If you have ever taken any type of self defense class there’s NO DOUBT you’ve been taught to defend against a wrist grab. But that’s not all, beyond that you were probably taught a variety of defenses to a series of grabs, holds and attacks. No matter how many self defense classes you attend, or how many styles you take, from BJJ to MMA, when it comes to self defense they all have very similar curriculum and it’s not an accident (or divine intervention).
The reason is Judo.
Judo was the first modern martial art to be packaged and distributed world wide as a large part of Japan’s cultural export. Teddy Roosevelt even had a dojo in the Whitehouse. This is also why Judo is literally in every area of the world. People of the time would mistakingly called it “jujutsu”, but that’s a branding issue of the time. Judo was created in 1882 and it took some years (even decades) for the name to catch on, so people commonly referred to it as jujutsu or Kano’s jujutsu (named after founder Jigoro Kano).
Specifically the self defense that underlies all martial arts systems of defense is Judo’s Goshin Jutsu. Goshin Jutsu was a series of techniques for specific self defense situations that was developed by the Kodokan (Headquarters for Judo).
The video below is the Goshin Jutsu Kata (a series of choreographed demonstrations). You’ll discover a lot of familiar attacks and perhaps defenses that have found their way into many martial art’s “self defense” programs. Notice the stylized type of attack, extended arms, one single attack and wait for your partner to defend. All of which has survived a century and it still practiced as self defense in many martial arts programs.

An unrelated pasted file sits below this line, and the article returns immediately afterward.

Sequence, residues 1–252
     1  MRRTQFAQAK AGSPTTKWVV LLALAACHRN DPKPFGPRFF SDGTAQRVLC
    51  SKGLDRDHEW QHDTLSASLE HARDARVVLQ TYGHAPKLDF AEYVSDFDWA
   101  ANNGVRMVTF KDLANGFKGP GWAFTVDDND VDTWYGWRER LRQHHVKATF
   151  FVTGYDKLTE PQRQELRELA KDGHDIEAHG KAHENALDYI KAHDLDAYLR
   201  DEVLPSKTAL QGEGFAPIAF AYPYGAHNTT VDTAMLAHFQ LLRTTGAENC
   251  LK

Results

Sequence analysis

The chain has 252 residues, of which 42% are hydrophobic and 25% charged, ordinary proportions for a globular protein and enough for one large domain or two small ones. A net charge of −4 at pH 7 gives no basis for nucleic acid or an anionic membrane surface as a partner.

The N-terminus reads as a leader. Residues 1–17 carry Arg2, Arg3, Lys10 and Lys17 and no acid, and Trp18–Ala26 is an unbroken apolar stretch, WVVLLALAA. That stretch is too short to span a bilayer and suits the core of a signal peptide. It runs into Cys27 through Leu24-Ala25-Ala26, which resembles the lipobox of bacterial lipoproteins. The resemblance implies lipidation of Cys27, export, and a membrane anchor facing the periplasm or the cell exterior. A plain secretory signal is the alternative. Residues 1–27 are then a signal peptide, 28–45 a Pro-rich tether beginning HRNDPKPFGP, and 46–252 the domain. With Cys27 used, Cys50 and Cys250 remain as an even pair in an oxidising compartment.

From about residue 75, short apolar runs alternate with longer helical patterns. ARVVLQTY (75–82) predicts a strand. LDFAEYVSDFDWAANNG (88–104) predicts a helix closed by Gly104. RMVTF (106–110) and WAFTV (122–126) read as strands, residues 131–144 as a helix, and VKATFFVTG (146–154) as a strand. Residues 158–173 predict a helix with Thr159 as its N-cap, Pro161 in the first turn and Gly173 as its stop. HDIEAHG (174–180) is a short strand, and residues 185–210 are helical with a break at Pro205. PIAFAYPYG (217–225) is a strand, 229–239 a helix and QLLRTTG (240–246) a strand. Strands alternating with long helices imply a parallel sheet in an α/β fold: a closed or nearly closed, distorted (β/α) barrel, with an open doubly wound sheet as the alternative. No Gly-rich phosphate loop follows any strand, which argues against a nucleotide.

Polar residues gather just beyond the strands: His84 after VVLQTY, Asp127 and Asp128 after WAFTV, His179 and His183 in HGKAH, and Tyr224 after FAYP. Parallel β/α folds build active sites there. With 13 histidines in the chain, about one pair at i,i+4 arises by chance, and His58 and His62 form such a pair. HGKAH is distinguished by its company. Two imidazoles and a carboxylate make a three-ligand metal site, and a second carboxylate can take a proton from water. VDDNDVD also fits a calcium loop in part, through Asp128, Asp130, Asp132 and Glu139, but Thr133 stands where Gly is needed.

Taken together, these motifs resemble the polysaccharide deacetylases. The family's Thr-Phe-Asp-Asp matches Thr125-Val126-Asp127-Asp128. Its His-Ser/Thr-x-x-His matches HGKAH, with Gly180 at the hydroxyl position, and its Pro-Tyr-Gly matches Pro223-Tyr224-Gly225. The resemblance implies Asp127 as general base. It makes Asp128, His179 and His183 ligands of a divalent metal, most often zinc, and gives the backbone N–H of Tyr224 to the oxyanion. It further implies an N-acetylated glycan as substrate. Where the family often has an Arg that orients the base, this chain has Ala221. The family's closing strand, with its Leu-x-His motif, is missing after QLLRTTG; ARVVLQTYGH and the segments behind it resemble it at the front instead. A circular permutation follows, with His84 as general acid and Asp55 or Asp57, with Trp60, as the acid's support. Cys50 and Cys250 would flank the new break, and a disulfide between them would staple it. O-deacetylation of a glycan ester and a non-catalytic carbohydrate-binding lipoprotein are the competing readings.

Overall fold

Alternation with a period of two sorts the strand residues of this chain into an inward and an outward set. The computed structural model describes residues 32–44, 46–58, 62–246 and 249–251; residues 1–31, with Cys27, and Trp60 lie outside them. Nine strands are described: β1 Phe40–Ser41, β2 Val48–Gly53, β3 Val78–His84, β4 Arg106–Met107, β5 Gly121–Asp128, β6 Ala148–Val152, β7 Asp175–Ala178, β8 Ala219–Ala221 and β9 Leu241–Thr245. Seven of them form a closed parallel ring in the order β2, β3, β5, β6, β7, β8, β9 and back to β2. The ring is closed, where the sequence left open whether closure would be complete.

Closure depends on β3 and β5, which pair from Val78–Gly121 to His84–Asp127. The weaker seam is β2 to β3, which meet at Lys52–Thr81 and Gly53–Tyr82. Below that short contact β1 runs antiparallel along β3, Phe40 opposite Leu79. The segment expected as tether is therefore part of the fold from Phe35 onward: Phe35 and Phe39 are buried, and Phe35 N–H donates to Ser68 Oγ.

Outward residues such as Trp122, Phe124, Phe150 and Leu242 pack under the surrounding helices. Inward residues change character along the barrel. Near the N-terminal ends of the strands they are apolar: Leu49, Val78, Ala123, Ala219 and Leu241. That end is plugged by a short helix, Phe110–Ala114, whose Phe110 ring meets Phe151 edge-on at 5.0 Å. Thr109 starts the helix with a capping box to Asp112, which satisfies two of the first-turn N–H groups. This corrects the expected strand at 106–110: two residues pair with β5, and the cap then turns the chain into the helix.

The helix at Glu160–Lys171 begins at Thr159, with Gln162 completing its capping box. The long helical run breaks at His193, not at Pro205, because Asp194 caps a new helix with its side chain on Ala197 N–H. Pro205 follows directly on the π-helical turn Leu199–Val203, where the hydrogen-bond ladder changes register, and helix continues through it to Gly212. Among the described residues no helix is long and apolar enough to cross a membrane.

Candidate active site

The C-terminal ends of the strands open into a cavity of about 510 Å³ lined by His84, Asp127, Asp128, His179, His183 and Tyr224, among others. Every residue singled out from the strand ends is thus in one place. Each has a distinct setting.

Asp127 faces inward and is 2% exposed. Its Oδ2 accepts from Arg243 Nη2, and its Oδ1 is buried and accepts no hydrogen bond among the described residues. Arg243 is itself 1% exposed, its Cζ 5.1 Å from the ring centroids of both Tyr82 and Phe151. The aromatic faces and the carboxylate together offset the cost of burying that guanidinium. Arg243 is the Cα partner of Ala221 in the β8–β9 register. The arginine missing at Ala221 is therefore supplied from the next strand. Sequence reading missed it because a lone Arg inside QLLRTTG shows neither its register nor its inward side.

Unfortunately…these self defense simply don’t really work in the real world…correction, they could work in the real world, if the conditions are correct – but there’s a very slim chance of that, besides all of the defenses below are 95% unnecessary… allow me to explain…
Now don’t get me wrong, there are some good little nuggets in there, but they’re lost in the sauce, convoluted by style and ceremony. If you don’t know what to look for, you’ll surely miss it.
So how did Goshin Jutusu infiltrate the martial arts? Simple, the focus of martial arts isn’t self defense. Even though all of them list it as a benefit (after all, a punch is still a punch and a choke is still a choke) but the primary focus of martial arts is competition, sport or national pride. So when it came to self defense, they simply took Judo’s Goshin Jutusu and injected their own style into it.
The video above is a great example of this…all of the defenses end in a Judo throw, lock or choke. The reality is, you don’t need any of those finishing moves. Most of the defenses include an opening strike, it’s my assertion that if you just kept striking your attacker, you wouldn’t need to do all the fancy stuff after it. As soon as he grabs your wrist, start hitting and keep attacking, he’ll let go and if you got him “dazed” enough to throw him easily, just hit him again and end it.